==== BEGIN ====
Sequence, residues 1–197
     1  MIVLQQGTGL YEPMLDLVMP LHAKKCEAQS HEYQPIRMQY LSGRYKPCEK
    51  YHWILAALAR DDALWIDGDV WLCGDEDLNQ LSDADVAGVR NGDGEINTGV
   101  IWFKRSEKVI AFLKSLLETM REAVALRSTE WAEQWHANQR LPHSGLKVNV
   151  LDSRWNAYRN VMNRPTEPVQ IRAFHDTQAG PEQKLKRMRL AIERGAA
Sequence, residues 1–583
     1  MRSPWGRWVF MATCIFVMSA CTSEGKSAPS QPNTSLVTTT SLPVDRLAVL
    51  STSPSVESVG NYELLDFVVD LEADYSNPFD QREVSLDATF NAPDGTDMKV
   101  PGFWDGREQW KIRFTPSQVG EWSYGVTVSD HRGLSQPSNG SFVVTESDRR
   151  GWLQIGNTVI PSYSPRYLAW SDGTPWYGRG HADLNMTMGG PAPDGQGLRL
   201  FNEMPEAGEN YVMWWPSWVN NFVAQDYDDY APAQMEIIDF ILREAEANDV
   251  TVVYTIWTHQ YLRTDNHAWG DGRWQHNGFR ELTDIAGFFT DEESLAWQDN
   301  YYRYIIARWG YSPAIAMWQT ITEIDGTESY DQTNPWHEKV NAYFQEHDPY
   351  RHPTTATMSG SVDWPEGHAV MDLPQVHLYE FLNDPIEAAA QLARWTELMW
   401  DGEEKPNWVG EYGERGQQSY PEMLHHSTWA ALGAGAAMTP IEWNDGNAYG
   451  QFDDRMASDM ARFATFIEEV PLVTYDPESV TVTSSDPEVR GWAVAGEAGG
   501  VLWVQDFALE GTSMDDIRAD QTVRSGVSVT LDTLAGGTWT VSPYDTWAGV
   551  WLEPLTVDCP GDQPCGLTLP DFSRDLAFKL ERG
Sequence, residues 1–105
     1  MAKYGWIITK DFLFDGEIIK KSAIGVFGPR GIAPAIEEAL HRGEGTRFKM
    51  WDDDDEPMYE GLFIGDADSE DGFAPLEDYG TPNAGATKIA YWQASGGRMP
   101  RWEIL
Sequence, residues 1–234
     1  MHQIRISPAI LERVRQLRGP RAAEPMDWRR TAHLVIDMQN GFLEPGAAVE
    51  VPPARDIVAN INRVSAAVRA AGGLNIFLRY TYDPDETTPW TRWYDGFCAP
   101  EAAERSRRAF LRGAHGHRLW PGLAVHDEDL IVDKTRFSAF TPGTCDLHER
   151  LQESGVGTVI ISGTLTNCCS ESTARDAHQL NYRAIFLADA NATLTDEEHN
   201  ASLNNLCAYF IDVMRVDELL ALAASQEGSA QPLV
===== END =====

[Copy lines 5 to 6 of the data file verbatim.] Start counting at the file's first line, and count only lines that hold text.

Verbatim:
   151  LDSRWNAYRN VMNRPTEPVQ IRAFHDTQAG PEQKLKRMRL AIERGAA
Sequence, residues 1–583